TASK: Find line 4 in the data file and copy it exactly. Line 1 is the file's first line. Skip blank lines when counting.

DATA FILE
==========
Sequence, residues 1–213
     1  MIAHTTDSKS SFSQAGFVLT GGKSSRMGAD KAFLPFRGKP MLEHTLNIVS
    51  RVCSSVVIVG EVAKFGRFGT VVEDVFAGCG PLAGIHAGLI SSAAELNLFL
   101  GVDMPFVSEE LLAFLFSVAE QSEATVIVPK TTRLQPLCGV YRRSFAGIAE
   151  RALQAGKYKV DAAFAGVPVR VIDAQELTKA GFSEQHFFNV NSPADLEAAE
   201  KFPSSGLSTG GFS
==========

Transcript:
   101  GVDMPFVSEE LLAFLFSVAE QSEATVIVPK TTRLQPLCGV YRRSFAGIAE